Trap for Cinderella

I will declare my hand up front: Iain Softley is a very old friend and we were lucky enough to be invited to Trap for Cinderella’spremière, complete with Q&A with Iain and Kerry Fox.

The film has not had great reviews and, to be fair, it is probably not Softley’s best film – under his belt he has BackbeatWings of a DoveSkeleton Key,K-pax, Inkheart and Hackers,where he cast an unknown Angelina Jolie. In fact he drew parallels between her and Cinderella’sMicky, played by the little-known but utterly beautiful Tuppence Middleton. But Iliked it, and that’s what counts.

Adapted from the French novel by Sébastien Japrisot, in 1965 it was made into a film, Piège pour Cendrillon,with a screenplay by Jean Anouilh. In contrast to some of the critics, and as a fan of crime fiction and the new, popular genre of made-for-TV thrillers, I find absolutely nothing ‘preposterous’, ‘implausible’ or ‘clunky’ about the plot: a beautiful girl, staying with her rich aunt (a formidable Frances de la Tour) suffers from both amnesia and disfiguring injuries in a mysterious house fire.

She returns to London in the care of creepy carer Julia (Kerry Fox) but has to be re-educated into who she is. Confused and bewildered, she starts to piece together the hideous truth, that her childhood friend Do (Alexandra Roach) was killed in the fire, and that past that links them may also have an influence on the future.

Together we rebuild Micky’s history as she remembers her intense, sensual friendship with Do, whose jealousy and envy palpably feed the flames of her desire not only for Micky herself, but also for Micky’s golden lifestyle.  Voyeuristically we participate in some unnerving events – an attempted drowning, a mysterious discovery and a suicide, all of which, as the memories return, lead Micky to wonder who she really is. Is she really an heiress or is there something funny going on?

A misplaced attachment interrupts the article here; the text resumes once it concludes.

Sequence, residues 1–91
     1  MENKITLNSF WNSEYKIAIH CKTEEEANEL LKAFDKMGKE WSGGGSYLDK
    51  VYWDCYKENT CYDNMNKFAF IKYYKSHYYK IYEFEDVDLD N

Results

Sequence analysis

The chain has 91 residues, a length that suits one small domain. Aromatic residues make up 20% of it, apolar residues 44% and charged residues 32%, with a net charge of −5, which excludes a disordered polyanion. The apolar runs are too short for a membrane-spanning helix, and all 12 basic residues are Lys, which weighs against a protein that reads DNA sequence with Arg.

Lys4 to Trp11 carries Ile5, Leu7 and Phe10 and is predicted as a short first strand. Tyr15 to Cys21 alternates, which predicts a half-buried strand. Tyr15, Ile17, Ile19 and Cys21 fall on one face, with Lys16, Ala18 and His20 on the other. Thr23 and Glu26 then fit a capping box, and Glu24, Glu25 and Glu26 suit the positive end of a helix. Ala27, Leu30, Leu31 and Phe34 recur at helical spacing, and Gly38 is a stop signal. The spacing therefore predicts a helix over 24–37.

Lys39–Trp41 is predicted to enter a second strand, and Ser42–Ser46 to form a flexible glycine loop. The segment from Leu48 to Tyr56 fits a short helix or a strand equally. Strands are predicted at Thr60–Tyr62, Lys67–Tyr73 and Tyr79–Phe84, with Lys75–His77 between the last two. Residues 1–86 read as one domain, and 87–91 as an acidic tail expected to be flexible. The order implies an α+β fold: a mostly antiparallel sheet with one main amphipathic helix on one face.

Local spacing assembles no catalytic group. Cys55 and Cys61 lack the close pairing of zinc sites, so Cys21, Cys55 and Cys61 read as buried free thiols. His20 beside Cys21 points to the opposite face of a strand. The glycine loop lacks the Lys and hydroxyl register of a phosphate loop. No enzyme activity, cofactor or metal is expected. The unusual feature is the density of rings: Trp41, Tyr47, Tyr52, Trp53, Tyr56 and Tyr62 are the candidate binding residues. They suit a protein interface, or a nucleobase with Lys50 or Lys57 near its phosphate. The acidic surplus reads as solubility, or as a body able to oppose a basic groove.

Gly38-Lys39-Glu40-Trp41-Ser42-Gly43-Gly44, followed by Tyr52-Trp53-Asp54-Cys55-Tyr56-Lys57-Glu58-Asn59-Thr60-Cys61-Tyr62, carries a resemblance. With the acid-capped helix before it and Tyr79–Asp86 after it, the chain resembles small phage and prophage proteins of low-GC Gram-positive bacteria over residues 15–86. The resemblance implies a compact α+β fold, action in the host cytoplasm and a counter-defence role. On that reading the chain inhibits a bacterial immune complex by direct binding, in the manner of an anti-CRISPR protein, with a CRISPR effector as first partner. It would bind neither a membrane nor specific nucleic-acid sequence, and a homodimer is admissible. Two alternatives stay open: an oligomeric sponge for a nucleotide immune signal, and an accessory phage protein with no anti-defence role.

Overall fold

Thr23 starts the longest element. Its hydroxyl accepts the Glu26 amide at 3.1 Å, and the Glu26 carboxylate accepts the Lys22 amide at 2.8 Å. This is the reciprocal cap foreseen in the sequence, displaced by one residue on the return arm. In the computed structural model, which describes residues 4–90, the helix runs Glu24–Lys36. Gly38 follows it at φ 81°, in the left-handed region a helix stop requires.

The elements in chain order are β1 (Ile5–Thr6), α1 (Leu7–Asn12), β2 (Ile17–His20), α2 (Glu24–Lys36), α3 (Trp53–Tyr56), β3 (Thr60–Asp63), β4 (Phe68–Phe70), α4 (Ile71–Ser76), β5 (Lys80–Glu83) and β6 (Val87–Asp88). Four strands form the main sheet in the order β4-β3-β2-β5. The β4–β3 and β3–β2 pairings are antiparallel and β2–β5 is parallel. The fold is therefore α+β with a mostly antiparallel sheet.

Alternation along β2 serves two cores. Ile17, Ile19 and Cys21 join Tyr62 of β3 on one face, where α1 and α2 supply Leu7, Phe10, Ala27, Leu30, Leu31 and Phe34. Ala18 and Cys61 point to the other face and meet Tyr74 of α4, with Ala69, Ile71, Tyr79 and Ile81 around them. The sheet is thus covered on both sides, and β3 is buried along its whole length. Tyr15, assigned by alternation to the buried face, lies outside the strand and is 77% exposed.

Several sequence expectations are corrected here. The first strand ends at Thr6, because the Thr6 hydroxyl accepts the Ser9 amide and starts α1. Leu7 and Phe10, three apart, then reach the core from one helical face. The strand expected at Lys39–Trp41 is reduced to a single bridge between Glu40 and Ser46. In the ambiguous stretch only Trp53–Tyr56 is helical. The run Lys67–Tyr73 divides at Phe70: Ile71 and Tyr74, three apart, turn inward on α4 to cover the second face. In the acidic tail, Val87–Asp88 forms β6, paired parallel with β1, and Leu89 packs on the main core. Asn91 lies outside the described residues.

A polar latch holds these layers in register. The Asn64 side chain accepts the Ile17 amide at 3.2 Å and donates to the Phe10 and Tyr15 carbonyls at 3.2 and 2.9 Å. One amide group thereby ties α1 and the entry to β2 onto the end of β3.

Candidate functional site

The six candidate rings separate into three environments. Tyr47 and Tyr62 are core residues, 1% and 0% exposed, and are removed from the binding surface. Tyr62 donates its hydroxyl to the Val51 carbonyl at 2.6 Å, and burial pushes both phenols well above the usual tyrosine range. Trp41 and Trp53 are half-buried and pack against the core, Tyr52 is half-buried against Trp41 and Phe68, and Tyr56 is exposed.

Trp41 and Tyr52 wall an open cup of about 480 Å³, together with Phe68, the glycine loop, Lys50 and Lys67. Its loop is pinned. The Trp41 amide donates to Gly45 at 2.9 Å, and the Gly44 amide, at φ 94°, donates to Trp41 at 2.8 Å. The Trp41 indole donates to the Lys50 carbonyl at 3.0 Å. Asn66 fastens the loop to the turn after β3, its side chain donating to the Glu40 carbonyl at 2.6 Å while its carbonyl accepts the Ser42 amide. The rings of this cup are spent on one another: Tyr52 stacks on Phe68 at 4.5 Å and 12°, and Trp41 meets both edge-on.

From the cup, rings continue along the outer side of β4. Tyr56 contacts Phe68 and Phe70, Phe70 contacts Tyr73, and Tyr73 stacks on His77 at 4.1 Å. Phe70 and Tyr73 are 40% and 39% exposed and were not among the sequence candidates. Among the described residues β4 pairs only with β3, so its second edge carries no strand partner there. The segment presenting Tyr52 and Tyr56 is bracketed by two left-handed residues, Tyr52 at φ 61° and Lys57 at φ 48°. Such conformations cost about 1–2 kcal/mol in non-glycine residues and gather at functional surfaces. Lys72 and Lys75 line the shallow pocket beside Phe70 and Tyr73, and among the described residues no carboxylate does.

I loved the change of pace, the Hoxton party scenes and the Indy life style juxtaposed against the ravishing French countryside, lovingly shot by Softley. American backers at one point wanted to locate it in the USA, but Softley lived in France and was determined to make a film there: he has plenty of US locations in his oeuvre, but never la belle France. He is a proponent on the power of proper celluloid – super 16 in this case – as opposed to digital, for the depth of colour and in sizzling Provence you can see why – oh the sea is blue so blue, and the fields ripple with a golden glow. Delicious to the eye.

Softley is the first to acknowledge the travails of the British film–maker and the challenges he had with getting budget for this movie: so much so that many of the London scenes were shot from moving cars, for instance on the Embankment, or just using handhelds and without clearing streets. In order to avoid copious amounts of paper work he put up signs saying words to the effect: filming in progress – if you walk past this point you are hereby agreeing to be in my film. He is rightly proud of his ingenuity.

Like all good thrillers, this leaves you guessing to the end, though if you have a beady eye like me there are some good clues. I give it four stars because I would rather watch a British film any day than some horrible Hollywood schmaltzy rom-com, sci-fi or other over-rated genre. We should be encouraging our own talent: the only way we can save our independent film industry is to get bums on seats and persuade the distributors to keep showing our films. And, to respond to those mealy-mouthed reviewers, how implausible is the recent critically-acclaimed Channel 4 French thriller The Returned

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